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Carbon Price versus ‘Effective’ Carbon Price


If you listen to Tony Abbott, it would seem only Julia Gillard’s government is putting a price on carbon. That is not true.

THE federal coalition’s environment spokesman Greg Hunt has revealed it would put an effective price on carbon of about $15 a tonne- only $10 cheaper than what is expected under the government’s proposed carbon tax.

He conceded the coalition’s plan was to allow for a varying carbon price of up to $15 a tonne. It’s estimated on that price taxes could rise to $720 a year for average households by 2020.

Unlike the government’s compensation plans, the coalition’s price on carbon would be passed on to consumers, the government said.

“We have set out the average cost of emissions, which we would allow for, and our program is $15 a tonne. The price for an individual sector may be high or low, but we will simply go to the market and purchase the lowest-cost emissions reduction,” said Mr Hunt.

That is, I believe, the one and only time the coalition carbon price has ever been mentioned in the press. 

Prior to that date and post that date, the coalition effective price has vanished from the media and with it came a vanishing in the minds of the public. You will have to ask the various media groups why this was allowed to happen.

The above graph is essential in understanding the difference between the ALP and the Coalition plans. The coalition, along with the voices of the inane Andrew Bolt, Alan Jones, Steve Price and who have you, have taken great opportunity to show that even WITH a carbon price, the governments plan actually leads to a rise in emissions by 2020. You can see it in green above. What they elect not to tell you is what the rise would be WITHOUT a carbon price as seen in blue.

It is vital we focus on that non carbon price line because that is the emissions estimated to occur with no cap and trade system. And it is vital to understand the coalition ‘effective’ carbon price.

By 2050, under the coalition plan, Australia would have increased their emission output from 600 million tonnes to 1,000 million tonnes. By 2020, the coalition plan will put output at around 700 million tonnes.

So lets work out what the coalition ‘effective’ carbon price means in monetary figures. At the current 600 million tonnes and at a price of $15 a tonne, the coalition ‘effective’ carbon price ‘effectively’ taxes the public purse by 9 billion dollars in the first year.

Oh yes Australia. This is a tax. Well it is ‘effectively’ a tax. Because what the coalition plan to do is take the 9 billion directly out of consolidated revenue. To understand what this means we need to look at what consolidated revenue actually is.

Chapter IV. Finance And Trade.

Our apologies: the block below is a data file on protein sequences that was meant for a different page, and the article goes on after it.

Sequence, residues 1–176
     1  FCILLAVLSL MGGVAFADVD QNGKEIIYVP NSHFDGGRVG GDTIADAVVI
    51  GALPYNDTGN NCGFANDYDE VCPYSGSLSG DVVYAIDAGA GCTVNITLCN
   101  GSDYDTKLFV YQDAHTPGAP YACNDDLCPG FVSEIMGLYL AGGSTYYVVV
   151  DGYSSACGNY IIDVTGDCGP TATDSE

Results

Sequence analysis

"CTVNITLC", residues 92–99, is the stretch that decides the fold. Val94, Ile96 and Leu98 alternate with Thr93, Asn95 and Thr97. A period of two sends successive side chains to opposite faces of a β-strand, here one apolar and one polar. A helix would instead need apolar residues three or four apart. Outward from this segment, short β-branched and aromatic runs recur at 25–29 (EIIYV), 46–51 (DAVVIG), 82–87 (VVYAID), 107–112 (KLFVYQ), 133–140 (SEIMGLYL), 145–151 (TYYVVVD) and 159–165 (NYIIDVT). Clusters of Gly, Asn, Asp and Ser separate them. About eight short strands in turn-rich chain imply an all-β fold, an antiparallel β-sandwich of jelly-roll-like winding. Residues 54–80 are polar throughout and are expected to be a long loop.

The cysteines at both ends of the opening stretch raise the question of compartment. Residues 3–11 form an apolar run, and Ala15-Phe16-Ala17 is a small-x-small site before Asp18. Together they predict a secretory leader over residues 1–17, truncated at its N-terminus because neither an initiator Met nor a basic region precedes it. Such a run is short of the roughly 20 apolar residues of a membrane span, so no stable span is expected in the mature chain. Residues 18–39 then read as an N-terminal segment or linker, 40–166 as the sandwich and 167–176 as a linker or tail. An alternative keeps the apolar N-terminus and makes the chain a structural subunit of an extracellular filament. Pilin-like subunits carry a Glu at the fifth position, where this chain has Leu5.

81. All revenues or moneys raised or received by the Executive Government of the Commonwealth shall form one Consolidated Revenue Fund, to be appropriated for the purposes of the Commonwealth in the manner and subject to the charges and liabilities imposed by this Constitution.

In other words, the coalition intend to reach into all that revenue from income taxes, GST, levies, revenue etc, and from that big pile of cash, pull out a 9 billion dollar plum. They will THEN divide what is left to pay for services. This means less money to each state for hospitals, roads, education, infrastructure, subsidies and what have you.

The idea that you can pull out 9 billion dollars from consolidated revenue without leading to job losses is laughable. The coalition have been selling this plan as a reduction in the number or public service staff by 20,000. This is the SAME guys who are worried about 6,000 jobs by 2020 in the high emissions industries. I say 6,000 jobs as these are NOT job losses.

You see the coal industry are being disingenuous. What they mean is a carbon price will stop them from expanding as fast as they would like by 2020. Instead of creating 26,000 new jobs, they may only have to make 20,000. At least that is their claim.

But their claim is false. The reason they intend to increase production in the mining industry is there is a forecasted increase in demand world wide. This is because of the rapid development in the third world and an increase in global population. The idea that they would reduce production is laughable.

The ALP Carbon Plan hits the emitters for the $23 a tonne. So at the current 600 million tonnes, big emitters are up for $13.8 billion.

NOTE: the governments plan has a far whack of exclusions so the $13.8 billion figure will be a lot less re those exclusions but for the sake of argument I wont bother with those exclusions for either the governments plans or the coalitions.

The government then intends to take that money it raised from the emitters and offer compensation for households and high risk emitters as well as kick start the development of alternative energy sources.

The coalition plan to take the money they pull out of consolidated revenue and give it to emitters and to grow trees and carbon soil sinks. The plan is for the emitters to take that money and to improve their businesses. That’s right. You and I will be paying for a business that makes billions of dollars of profit a quarter to improve their business productivity presumably leading to bigger and better profits.

Further, by increasing say a coal fired plant’s production, it also increases its worth. That means they can take the money given to them from the government, improve their business, and then sell off same business at much increased price then it’s value now. That is what I would call a sweet deal.

The government plan intends to become a cap and trade emissions system by 2015. That means emitters will have to trade or abate to allow them to increase their production. For example, if you have a mining operation that produces 1 million tonnes of emissions and they plan to increase production by 50%, it is therefore likely to also increase their emission production by 50%.